Libraries Ordering Fewer Harrys Every time a new Harry Potter book comes out, kids flock to libraries to check out copies. That will be more difficult this summer. "Because of budget cuts, libraries are struggling to have enough Potter books. In New York City, for example, the number of ordered copies has dropped from 956 for the last release, 'Harry Potter and the Goblet of Fire,' to 560 for the new one." Yahoo! 01/27/03
Posted: 01/27/2003 9:22 am

Penguin Hires Ousted Random House Editor Only two weeks after she was fired by Random House, Ann Godoff has has been hired by Penguin as the president and publisher of a new book imprint. Will she bring over some of the big authors she published at Random House? "These are people who I have a longstanding relationship with and I would be surprised if we were not able to work together again at some time." The New York Times 01/27/03
Posted: 01/26/2003 11:44 pm

  • Previously: Random House Ousts Editor Random House has relieved Ann Godoff of her "duties as publisher/editor/patron saint of serious writers.
    To some, Godoff's send-off signals another loop in the downward spiral of literary publishing; to others it's strictly a business decision - the division under her guidance was not making enough money."
    Washington Post 01/17/03

Profit Shouldn't Be A Bad Word The shakeup at Random House in the past few weeks has many fuming about the health the quality book publishing business. But is that really what the message of this story is? So "the country's major publisher made no bones about what's important - profit. And, is that a bad thing? There's no reason why a quality piece of fiction can't make money, and so far, despite the schlock and superficiality found in the bookstores, publishers will continue to offer books worth reading because they sell, too." Pittsburgh Post-Gazette 01/26/03
Posted: 01/26/2003 4:40 pm


Splendor Wins Sundance "American Splendor" wins the grand prize at the Sundance Film Festival. "The movie tells the story of a Cleveland file clerk named Harvey Pekar, who wrote a famous series of comic books documenting his boring life and discontented psyche." Chicago Sun-Times 01/27/03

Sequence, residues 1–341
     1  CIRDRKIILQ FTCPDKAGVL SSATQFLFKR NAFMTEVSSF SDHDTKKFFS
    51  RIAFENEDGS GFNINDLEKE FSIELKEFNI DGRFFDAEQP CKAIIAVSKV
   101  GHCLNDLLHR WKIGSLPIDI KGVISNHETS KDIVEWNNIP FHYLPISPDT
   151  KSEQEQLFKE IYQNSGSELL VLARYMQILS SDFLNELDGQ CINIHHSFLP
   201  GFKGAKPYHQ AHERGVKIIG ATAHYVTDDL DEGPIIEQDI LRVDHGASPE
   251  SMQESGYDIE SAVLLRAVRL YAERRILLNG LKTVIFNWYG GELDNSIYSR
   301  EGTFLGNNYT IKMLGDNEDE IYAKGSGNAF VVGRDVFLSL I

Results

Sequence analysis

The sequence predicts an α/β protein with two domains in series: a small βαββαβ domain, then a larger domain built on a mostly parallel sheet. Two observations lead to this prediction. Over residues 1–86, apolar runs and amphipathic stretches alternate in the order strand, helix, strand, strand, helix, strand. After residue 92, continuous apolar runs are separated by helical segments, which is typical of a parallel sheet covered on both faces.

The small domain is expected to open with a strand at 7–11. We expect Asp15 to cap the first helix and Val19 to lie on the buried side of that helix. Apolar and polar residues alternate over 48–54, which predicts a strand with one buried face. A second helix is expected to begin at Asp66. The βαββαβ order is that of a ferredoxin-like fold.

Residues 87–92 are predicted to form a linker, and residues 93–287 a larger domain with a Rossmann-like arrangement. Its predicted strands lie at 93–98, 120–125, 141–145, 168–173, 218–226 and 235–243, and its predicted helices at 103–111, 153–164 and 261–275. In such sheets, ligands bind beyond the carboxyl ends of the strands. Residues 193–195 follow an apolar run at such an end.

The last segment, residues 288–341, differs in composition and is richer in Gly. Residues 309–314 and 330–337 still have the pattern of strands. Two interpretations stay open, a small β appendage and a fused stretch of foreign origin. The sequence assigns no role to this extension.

Posted: 01/27/2003 7:36 am

The New Reality - Remaking The TV Landscape "The recent flood of reality programs such as 'American Idol,' `Joe Millionaire' and `The Bachelorette' and the number of viewers they are drawing is unprecedented. They are pulling in young people who had drifted to cable or their home computers, revitalizing the ratings fortunes of both ABC and Fox and - in some cases - putting a serious dent in the viewership for well-established comedies and dramas. The shows have become such a cultural phenomenon in this country."
San Jose Mercury-News 01/26/03
Posted: 01/26/2003 5:43 pm


Copyright "Screwup" Made Martha Graham Company Possible Again The Martha Graham Company is back performing again, only because of "the highest-profile intellectual-property screw-up in history." Graham didn't protect her copyrights properly, and after her heir Ron Protas tried to prevent the company from using Graham's work, it was discovered that some of the choreographer's most well-known work was now in the public domain. "Graham's oversight has ultimately proved to be the saving grace of both her company and her legacy." Washington Post 01/27/03
Posted: 01/27/2003 7:47 am

America's Oldest Ballet Company Turns 70 "San Francisco Ballet this year marks its 70th anniversary, which makes it this country's oldest professional ballet company. The great tradition of American ballet today boasts not only the American Ballet Theatre and New York City Ballet, but also vital and unique major companies from Boston to Miami, from Houston to Seattle. San Francisco Ballet paved the way, and, 70 years on, it is still a major force in American culture." San Francisco Chronicle 01/26/03
Posted: 01/26/2003 5:38 pm

The Daily Grind San Francisco Ballet gets ready to open its season. "There's a deceptively languid look to this daily class, a ritual that summons the dancers from bed five or six mornings a week. But in these easy, almost meditative early moves rests the essence of a company. Chaos and order, dissolution and harmony. It will come, this Balanchine marvel, but not without the invigorating grind of more rehearsal." San Francisco Chronicle 01/26/03
Posted: 01/26/2003 5:18 pm

All Movement As Dance - Cunningham Company At 50 "It has been 50 years since Cunningham founded his company, 61 years since he presented that first concert of his own solo dances. 'I've remained just as fascinated with movement as when I began. I see something moving, somebody do something, and I wonder, 'How could one do that (in a dance)?'" Orange County Register 01/26/03
Posted: 01/26/2003 4:23 pm